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Evidence required to prove violation of criminal law

Parties involving young people and alcohol can quickly get out of hand in Michigan. In the current #metoo environment, charges of sexual assault are frequently reported. While sexual assault is a severe violation of criminal law, one must remember that a person is still presumed to be innocent and in order to find a person guilty beyond a reasonable doubt, prosecutors must produce significant proof of each element of the crime charged.

In a recent party in a home in Alpena two teenaged girls claimed they had been assaulted at a party where drugs and alcohol were said to be present. The girls named three young men as their assailants. The girls claimed they were drugged and then assaulted though one girl had no recollection of the actual attack. She claims that she woke up in a bed next to one of the accused assailants and was not wearing underwear.

The three young men accused are current or past high school athletes and neighbors describe them as good kids. Two of the three are facing charges in the alleged attacks and the third is not being charged. One of the three took a plea deal in exchange for testimony against the man who allegedly drugged the girl’s drinks. The prosecution is facing a challenge in that case due to a lack of physical evidence. There were no drugs found in the alleged victims or in the home where the party was held.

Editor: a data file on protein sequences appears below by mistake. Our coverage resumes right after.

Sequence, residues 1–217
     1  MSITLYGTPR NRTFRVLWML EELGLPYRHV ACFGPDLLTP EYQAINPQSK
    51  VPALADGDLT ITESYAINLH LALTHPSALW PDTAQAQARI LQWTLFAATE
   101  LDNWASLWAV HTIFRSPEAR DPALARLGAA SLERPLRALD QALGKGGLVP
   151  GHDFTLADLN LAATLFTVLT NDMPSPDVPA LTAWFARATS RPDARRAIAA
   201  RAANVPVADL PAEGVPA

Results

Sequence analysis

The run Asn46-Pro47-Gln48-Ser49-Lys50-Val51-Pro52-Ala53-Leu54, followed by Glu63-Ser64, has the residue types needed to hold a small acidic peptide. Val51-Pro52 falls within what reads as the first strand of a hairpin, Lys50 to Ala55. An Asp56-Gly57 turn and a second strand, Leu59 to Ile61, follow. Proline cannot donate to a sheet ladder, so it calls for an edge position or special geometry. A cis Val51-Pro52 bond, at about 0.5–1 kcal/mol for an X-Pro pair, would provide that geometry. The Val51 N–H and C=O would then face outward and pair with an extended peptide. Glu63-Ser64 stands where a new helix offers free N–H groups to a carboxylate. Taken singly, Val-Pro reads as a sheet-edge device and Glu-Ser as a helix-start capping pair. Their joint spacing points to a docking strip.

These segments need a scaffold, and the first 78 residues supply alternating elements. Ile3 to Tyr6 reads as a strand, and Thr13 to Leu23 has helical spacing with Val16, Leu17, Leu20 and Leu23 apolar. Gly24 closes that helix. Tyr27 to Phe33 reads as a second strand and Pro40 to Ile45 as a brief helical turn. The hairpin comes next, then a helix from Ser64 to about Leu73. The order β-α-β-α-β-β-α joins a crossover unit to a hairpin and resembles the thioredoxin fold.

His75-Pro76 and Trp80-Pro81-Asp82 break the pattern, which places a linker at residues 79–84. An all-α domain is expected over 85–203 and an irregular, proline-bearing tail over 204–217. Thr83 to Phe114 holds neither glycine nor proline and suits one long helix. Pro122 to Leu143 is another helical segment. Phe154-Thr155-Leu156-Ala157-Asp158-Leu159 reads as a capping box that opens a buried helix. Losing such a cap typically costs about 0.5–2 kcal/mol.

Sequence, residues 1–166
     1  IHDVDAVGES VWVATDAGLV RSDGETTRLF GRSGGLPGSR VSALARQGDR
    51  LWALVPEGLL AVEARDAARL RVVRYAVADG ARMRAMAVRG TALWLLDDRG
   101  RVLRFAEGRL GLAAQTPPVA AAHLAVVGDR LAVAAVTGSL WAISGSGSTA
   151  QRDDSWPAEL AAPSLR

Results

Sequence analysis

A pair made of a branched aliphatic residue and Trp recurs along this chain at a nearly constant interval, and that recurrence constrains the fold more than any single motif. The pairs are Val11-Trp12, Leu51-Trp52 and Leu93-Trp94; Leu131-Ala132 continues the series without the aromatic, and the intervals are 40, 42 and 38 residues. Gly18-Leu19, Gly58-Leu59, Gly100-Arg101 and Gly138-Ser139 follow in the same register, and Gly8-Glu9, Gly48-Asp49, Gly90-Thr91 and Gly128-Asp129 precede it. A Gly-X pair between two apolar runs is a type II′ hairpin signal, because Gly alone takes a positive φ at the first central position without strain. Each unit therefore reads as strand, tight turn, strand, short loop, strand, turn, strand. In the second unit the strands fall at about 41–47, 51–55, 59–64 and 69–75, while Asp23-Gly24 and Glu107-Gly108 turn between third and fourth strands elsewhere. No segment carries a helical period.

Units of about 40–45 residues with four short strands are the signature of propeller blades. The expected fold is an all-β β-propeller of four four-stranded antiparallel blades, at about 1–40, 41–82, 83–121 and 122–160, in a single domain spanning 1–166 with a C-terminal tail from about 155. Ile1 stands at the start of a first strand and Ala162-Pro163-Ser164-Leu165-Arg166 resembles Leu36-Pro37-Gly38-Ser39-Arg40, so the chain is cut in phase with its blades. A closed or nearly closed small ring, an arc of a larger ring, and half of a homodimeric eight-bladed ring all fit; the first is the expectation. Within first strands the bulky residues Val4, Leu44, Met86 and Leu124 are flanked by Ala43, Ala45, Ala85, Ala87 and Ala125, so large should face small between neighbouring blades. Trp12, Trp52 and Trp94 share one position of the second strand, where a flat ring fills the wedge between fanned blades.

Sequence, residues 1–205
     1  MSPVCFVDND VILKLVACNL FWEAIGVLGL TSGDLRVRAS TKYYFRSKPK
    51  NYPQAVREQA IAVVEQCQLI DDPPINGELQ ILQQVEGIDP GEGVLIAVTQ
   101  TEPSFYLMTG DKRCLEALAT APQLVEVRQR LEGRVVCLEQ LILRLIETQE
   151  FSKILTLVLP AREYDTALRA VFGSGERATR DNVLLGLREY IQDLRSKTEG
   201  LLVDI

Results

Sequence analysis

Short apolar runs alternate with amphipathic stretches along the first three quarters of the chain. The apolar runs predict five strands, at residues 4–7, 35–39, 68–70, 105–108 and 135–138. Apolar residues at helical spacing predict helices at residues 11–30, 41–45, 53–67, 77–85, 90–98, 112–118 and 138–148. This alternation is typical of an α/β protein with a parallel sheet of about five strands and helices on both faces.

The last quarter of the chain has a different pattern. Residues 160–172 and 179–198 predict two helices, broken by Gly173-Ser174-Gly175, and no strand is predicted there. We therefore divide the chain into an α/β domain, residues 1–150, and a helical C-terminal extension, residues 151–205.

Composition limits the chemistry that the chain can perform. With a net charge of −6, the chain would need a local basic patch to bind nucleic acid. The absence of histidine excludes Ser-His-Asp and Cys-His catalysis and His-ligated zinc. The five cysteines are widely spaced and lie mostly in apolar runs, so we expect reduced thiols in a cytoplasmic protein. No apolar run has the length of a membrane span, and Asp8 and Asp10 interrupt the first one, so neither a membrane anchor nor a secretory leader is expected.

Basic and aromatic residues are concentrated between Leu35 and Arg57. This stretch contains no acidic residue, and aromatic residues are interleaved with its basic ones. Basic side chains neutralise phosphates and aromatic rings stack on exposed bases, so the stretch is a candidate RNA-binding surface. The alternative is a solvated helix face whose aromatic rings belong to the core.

In Michigan and all other states, sexual assault is a serious violation of criminal law. No one wants to see a guilty party go unpunished, but for a person to be convicted there must be competent evidence that proves a person’s guilt beyond a reasonable doubt. Every accused individual has important legal rights that must be protected at all stages of the proceedings, and the rules of evidence must also be adhered to in order to prevent innocent people from being convicted of crimes they did not commit.